Thursday, September 11, 2014

Vacation Birding sans Deracination: County Roots in Carolina

Automatic County Bird lists and the Top 100...two of eBird's greatest innovations in growing use and support for its admirable program. Every birder likes to watch his or her list grow (even if that's not the main goal), and some birders also like seeing their list grow in relation to other people's. There has always been that competitive element to birding. It's a very faint factor sometimes, and at others it is palpable. When one is birding with the local Audubon group there is seldom any Big Day-type competition. At the other side of the spectrum there is the World Series of Birding, Big Years, Big Day's, and Big Nerds, competitions over many timeframes and in many regions. EBird nicely keeps track of all of it for us. 

Gotta Catch 'em All!

Most birders have a life list, and many more keep national, state, and even county lists, in addition to yard or maybe work patch lists. The county listing is often the repast for very experienced birders, those who have seen just about everything they can in their state, or who do not travel very much outside of it. Seeing birds in one's home county, or every county in a state, provides new challenges with the same birds. EBird even solicits county moderators as the most local level of its information filtration. The longer you're in the birding circles, the more county listing seems to come up.

Truth be told, I never paid it much heed. There was still too much to do on the State and National level with the birdies (and yes, I realize this violates the sacred semi-libertarian principle of subsidiarity). In massive states like Texas it made more sense to me, but county lines seemed so arbitrary around Arizona I often found more annoyance than enjoyment in specified county listing. I had no county listing goals nor compared myself to other birders in Arizona. That being said, I kinda liked that eBird kept track of it for me anyway. This ambivalence changed for me this summer, when I spent a bit of time in Wayne County, one of 100 little boroughs in charming NC. 

As many other birders do before heading to a new area, I checked out the eBird data in this mid-state, coastal plain region. It was...unimpressive. In fact, it was paltry. There have been a total of 69 different eBirders in Wayne County, who submitted a total of 111 checklists. This is not a daily, monthly, nor even annual rate, as one might expect of counties in Arizona or California. Those are the All-Time totals. Wayne County NC (there are like 13 other Wayne Counties in the U.S.) has a total of 225 recorded species, with its All-Time leading eBirder standing at 96 species. To lend some perspective, a good day at the Tres Rios site in west Phoenix can yield over 100 species. There are hundreds of lists submitted in California and Arizona counties every day, and my home county, mid-state Maricopa, has over 400 recorded species. That being said, as mentioned in the comments below Wayne County does have some great birders and has played host to some great birds, but this doesn't carry over to a big presence on eBird.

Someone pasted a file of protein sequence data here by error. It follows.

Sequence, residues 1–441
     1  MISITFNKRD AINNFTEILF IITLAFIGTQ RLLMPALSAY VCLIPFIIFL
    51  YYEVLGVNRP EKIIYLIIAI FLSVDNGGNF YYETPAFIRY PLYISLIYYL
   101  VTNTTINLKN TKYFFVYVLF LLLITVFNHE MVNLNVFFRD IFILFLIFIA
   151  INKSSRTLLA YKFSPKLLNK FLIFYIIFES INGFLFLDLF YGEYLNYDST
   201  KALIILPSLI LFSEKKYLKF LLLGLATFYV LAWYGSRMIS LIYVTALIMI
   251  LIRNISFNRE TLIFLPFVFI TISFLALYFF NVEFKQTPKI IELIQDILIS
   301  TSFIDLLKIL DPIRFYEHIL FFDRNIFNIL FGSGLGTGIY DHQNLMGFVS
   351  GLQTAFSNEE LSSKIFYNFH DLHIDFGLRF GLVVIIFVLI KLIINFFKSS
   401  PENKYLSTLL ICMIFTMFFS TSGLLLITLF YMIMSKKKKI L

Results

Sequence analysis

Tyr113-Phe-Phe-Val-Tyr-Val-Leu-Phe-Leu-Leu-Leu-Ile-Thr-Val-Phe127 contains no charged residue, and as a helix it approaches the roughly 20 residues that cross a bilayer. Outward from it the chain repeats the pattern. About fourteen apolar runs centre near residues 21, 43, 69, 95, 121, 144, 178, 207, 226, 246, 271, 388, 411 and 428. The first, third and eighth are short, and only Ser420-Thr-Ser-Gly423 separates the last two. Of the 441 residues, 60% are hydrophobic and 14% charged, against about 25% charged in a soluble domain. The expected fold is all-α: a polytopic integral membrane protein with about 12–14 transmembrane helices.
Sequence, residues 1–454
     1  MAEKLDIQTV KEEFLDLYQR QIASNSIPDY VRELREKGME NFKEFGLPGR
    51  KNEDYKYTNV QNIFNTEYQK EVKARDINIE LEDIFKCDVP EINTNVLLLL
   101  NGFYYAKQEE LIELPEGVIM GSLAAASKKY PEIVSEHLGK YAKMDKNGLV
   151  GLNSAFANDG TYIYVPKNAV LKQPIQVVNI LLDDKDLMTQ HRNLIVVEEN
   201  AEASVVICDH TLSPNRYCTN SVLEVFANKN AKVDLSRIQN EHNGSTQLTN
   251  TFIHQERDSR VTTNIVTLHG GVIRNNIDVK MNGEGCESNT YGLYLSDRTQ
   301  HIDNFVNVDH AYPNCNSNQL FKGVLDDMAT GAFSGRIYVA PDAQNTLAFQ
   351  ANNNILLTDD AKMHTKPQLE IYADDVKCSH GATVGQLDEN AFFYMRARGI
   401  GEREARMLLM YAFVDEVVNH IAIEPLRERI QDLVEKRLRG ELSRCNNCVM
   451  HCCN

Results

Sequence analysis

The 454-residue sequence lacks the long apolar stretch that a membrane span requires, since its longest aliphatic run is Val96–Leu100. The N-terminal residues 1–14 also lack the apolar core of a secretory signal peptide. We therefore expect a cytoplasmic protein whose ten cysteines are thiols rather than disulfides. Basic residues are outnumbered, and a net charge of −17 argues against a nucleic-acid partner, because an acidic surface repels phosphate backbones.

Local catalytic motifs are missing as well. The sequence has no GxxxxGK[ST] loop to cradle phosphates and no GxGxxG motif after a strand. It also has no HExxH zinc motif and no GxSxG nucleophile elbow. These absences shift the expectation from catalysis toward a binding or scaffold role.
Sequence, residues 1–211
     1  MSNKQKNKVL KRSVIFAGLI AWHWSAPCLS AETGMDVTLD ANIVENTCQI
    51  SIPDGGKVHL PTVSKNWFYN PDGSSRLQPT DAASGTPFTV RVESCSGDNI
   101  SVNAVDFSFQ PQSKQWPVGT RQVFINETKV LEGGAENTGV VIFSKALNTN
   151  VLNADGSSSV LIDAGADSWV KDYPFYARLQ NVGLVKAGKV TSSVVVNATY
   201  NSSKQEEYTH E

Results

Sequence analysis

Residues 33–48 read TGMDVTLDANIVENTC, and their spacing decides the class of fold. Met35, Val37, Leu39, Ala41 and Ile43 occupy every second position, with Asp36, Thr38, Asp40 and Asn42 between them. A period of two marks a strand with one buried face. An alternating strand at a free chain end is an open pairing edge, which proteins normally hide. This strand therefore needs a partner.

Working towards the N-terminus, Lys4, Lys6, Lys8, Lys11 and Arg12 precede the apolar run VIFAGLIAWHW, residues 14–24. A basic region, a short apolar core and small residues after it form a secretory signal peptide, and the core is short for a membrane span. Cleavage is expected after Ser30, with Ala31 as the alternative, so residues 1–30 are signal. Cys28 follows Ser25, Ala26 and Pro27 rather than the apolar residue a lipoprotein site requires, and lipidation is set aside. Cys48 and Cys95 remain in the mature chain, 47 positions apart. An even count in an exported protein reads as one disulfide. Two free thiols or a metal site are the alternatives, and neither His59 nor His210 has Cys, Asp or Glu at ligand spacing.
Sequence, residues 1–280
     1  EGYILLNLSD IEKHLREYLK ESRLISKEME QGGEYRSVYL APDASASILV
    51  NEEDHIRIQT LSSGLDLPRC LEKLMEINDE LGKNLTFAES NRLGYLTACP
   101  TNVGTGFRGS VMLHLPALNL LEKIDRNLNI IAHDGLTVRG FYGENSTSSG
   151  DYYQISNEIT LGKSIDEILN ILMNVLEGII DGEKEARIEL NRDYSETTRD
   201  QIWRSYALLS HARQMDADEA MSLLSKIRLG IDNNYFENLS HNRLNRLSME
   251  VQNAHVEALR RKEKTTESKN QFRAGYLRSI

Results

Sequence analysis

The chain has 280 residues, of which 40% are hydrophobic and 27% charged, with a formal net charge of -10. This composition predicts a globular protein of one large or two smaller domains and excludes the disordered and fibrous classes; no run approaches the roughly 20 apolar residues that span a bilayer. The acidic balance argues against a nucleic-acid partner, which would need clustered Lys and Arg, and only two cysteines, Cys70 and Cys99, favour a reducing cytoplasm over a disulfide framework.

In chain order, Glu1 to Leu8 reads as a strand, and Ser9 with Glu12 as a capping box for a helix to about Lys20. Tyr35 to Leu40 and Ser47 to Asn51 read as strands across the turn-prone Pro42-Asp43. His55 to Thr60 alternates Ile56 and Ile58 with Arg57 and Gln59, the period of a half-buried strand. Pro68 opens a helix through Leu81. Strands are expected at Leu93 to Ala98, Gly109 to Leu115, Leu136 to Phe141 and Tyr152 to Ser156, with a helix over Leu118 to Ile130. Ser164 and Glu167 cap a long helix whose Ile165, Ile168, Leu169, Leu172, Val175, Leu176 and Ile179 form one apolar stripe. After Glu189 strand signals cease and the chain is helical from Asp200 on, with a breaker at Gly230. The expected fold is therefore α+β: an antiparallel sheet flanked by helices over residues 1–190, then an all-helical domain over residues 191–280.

I do not bring this up simply to dump on Wayne County. In fact, the relatively poor eBird numbers were not a deterrent whatsoever. It's not too far from the coast. There's plenty of water. There are some nice parks and plenty of forest, as well as farmlands and sewage ponds, lending some habitat variety even if there is little elevation. There are certainly birds in Wayne County, in fact probably not many fewer than in the heavily birded Research Triangle area around Raleigh/Durham. The stark reality is that very few people are eBirding in Wayne County (this is probably true, maybe even more so, for the identical counties around Wayne that have even smaller populations). Rather paradoxically, the very low eBirding done in Wayne County, the lack of recorded sightings and established information, as well as established feudal lords of the fief, was exciting for me. 
I've chased birds all over Arizona, but the county lists there seemed meaningless to me. There are so many people out birding every day, who have seen it all and seen it everywhere, so to speak. There wasn't many point in trying to compete or compare. But here in Wayne County I could be a pioneering eBirder again, I could accomplish something that was even relatively impressive for my low expectations. I could actually be a top county lister! I could be...NUMBER 1. In Wayne County NC, I could be the awesome guy on the far left, except with less bracelets!!!

This renewed enthusiasm was greatly helped by the fact that there were several possible lifers waiting in the vicinity, and bearing these things in mind I made sure to fit a few birding trips to the best-looking spots in the area. In early July and with limited time before returning to Phoenix, I knew the All-Time record was not yet in reach, but for the year..? 57 would win it. Since I would also be birding with birder-tolerant and bird-interested friends I could get away with the early mornings, but a visit to the local sewage pond was out. This meant that shorebirds, gruiformes, and their ilk would have to wait. The birds would have to come from the forest.

There are a couple of eBird hotspots listed in Wayne County, and seemingly the largest, most well-established is the Cliffs of the Neuse S.P. This sizable preserve has many different trails, paved roads, and even a small lake (with swimming kids, dogs, and almost no birds). I had the fortune of jogging here a few days before as a sort of preliminary scouting. Returning with all the birding gear, knew that the Spanish Moss trail would be the most productive, winding as it did through deciduous woodland, open grasslands, and recently flooded river banks.